Bark Canoe Store
2317 West Fairview Avenue
Spokane, WA 99205
copyright (c) 2005
All Rights Reserved
IN THIS ISSUE
1. News - Recently Built Canoes at The Bark Canoe Store
2. Building Tip -
More on Miniatures by Ted Behne
News - Recently Built Canoes at The Bark Canoe Store
I don't know about you but I'm a sucker for pictures.
So here are some photos of
Canoes at The Bark Canoe Store.
You may have noticed that I missed getting a newsletter out during April and
pretty much missed May. I have been slammed. It's been 12 hour days 7 days
a week for some time but I'm not complaining. Just making excuses for not
getting the letter out on schedule. Shown here are some of the canoes I've
recently completed. In the upcoming newsletters I will show you a 26' fur
trade model just completed and the new line of fiberglass replicas. Yes more
Oh, and if you like pictures you may be familiar with the art of Philip R. Goodwin.
He did several paintings of turn of the last century woodsmen in birchbark canoes.
One painter many are not so familiar with is Frank Schoonover. He spent time in
1911 with the Ojibwe near Long Lake, Ontario and did some terrifc paintings.
I recently bought two books of his work at Amazon.com. I highly recommend them.
Enough said, now for the boats.
Moving from left to right, the first canoe was for a private individual in Michigan.
It is a 14' Ojibwe Oldstyle hunting canoe. This would be typical for his area.
The owner will be using it on the water, not displaying it.
The next one is an Ojibwe Longnose. It is 15' 3" and about 13" deep. It was featured
in the May 2005 Canoe & Kayak Magazine in a write-up on touring canoes.
The last two are 16' Ojibwe Oldstyle models. About 12" deep and 36" wide. These
are for a Canadian film. They will be paddled from Thunder Bay to Winnepeg this
Building Tip - More on Miniatures by Ted Behne
This article will outline the process for laying out and making ribs. Previous articles
outlined the process for selecting a canoe to model, reducing its dimensions to one-quarter
scale, making a "blueprint" of the canoe, constructing a reusable building platform, making
a gunwale frame, making and installing thwarts and splitting cedar.
To review previous articles, go to
The Bark Canoe Store - "Tips"
and sort through past issues of "The Bark Canoe Aficionado."
Future articles will focus on assembling the components of the canoe: the gunwales, gunwale
frame, thwarts, ribs, sheathing, etc. Preparing these skeletal elements constitutes at least
50 percent of the work of building any canoe. The assembly process takes the other 50 percent
of the building time. Each component of the canoe can be made separately, at any time and in
any sequence, then stored until you are ready for assembly. It should also be noted that
all of the procedures outlined in these articles are identical to those for making full size
canoes. Required tools for making ribs: X-acto razor knife, metal straight edge, low-angle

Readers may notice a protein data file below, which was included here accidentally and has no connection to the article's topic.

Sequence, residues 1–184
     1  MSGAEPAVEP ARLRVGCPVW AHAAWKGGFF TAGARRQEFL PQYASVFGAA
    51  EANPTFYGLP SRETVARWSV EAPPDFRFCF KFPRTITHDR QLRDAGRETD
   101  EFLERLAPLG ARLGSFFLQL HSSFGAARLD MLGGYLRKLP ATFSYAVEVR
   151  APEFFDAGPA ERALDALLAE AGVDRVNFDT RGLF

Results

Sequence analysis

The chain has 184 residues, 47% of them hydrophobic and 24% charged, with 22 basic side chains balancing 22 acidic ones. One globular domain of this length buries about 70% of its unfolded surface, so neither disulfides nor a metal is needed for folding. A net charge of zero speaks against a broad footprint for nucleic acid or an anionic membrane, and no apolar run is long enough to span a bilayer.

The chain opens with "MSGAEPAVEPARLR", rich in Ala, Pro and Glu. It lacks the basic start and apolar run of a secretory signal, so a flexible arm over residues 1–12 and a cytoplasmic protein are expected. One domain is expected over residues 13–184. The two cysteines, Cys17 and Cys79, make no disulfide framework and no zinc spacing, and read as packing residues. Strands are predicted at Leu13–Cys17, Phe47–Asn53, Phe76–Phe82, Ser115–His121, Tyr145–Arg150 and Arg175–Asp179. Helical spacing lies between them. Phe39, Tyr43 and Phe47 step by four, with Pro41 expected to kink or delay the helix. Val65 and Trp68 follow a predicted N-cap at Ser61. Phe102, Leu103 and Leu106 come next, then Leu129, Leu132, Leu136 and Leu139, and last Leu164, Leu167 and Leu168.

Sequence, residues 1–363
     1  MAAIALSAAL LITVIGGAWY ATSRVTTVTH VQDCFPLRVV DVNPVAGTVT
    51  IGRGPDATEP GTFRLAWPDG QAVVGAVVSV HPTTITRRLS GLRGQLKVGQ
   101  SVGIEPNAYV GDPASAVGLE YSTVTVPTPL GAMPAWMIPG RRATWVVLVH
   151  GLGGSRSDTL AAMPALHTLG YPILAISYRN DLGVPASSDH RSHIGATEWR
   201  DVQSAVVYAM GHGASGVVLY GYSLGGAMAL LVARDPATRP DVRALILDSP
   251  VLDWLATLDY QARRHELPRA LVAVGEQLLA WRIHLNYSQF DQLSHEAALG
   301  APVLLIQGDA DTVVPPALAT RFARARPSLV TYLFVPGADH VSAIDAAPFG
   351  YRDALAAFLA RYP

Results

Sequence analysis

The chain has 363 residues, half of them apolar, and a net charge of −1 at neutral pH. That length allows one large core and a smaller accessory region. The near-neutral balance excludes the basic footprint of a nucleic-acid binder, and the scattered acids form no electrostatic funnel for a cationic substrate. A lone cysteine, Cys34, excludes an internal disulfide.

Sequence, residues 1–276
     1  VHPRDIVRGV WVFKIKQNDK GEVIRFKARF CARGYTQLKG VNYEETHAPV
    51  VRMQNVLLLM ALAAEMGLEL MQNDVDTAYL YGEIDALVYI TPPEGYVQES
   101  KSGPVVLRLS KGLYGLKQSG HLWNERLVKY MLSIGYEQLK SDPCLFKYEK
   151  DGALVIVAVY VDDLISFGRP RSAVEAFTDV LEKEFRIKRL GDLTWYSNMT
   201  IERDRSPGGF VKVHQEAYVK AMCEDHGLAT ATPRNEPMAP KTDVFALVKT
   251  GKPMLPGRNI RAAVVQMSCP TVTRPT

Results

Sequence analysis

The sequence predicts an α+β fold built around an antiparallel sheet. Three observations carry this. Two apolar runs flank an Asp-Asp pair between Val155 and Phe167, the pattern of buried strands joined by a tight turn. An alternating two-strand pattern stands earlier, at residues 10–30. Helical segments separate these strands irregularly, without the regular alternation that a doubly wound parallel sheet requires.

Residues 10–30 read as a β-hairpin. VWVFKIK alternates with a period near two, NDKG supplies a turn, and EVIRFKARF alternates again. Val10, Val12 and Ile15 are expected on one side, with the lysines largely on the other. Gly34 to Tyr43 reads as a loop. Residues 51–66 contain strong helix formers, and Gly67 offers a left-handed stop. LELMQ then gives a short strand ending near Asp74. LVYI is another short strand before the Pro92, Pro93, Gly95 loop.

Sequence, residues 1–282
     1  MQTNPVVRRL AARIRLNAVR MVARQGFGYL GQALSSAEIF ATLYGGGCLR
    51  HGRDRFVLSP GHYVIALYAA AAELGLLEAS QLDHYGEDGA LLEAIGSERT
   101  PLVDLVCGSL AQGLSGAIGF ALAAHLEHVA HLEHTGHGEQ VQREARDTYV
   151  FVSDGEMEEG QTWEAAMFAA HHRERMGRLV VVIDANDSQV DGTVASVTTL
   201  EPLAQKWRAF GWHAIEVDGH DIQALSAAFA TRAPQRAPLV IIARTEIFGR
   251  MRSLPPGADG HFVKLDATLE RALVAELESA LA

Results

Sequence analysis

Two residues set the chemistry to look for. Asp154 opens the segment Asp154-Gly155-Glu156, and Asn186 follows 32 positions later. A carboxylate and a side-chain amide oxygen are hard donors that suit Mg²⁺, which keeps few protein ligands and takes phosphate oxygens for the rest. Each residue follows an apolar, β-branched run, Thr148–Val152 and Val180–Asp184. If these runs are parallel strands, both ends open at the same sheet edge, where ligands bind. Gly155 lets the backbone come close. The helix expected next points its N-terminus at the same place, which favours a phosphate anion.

Begin by studying the "blueprint" to calculate the number, placement and spacing of the ribs.
Rib widths, shapes and spacing vary greatly in various tribal styles. Some are very narrow
and widely spaced, like the Northern Cree, while others literally seem to "panel" the interior
of the canoe, like the Maliseet. To simplify the rib layout process make a layout stick(s)
marked with the lashing and rib locations between each thwart. Ribs should be located on both
sides of thwarts but not under them. Notch the underside of the layout stick(s) to fit between
thwarts, but allow the topside to extend over the thwarts. Transfer the lashing and rib
location markings on the stick(s) to the gunwales with a pencil. Mark the lashing locations
with an "X" to distinguish them from the rib locations. The "X" will be concealed under the
lashings in the finished canoe.
Ribs should be made in three lengths, the shortest to be fitted from the stems to the end
thwarts, the next longest from the end thwarts to the quarter thwarts, and the longest from
the quarter thwarts to the center thwart. Determine the appropriate lengths by laying a
flexible measuring tape on the blueprint cross-section and measuring the lengths needed in
each case. Count the number of ribs needed in each length, add a few extra for breakage when
bending, then add up the total to be sure you have enough to do the job.
Rib widths vary considerably among tribal styles. Typical full-size width for a Maliseet
canoe rib, for example, is 2 ½ to 3", which becomes 5/8" to ¾" at one-quarter scale. Rib
thickness is 3/8" for a full-size canoe in virtually all styles. The 1/4-scale size is 3/32".
That may seem tiny and impossible to replicate accurately, but after you make a few you may be
surprised at how easy it is "eyeball" the correct thickness and to efficiently repeat it. Most
rib styles are tapered, with the taper confined to 25 percent of the rib at each end. Make a
perfect pattern rib for each of the three lengths and use it as a template to make others.
Use a razor knife to cut out the rib blanks. Use a low-angle block plane to form the tapers
and to round the top edges of each rib.
Bundle the finished ribs by size and set aside to wait for bending. Next, turn your attention
to preparing roots for lashing the canoe together. That process will be described in next
If you have questions about any of the above, just send an email to
You can view Ted's work here.
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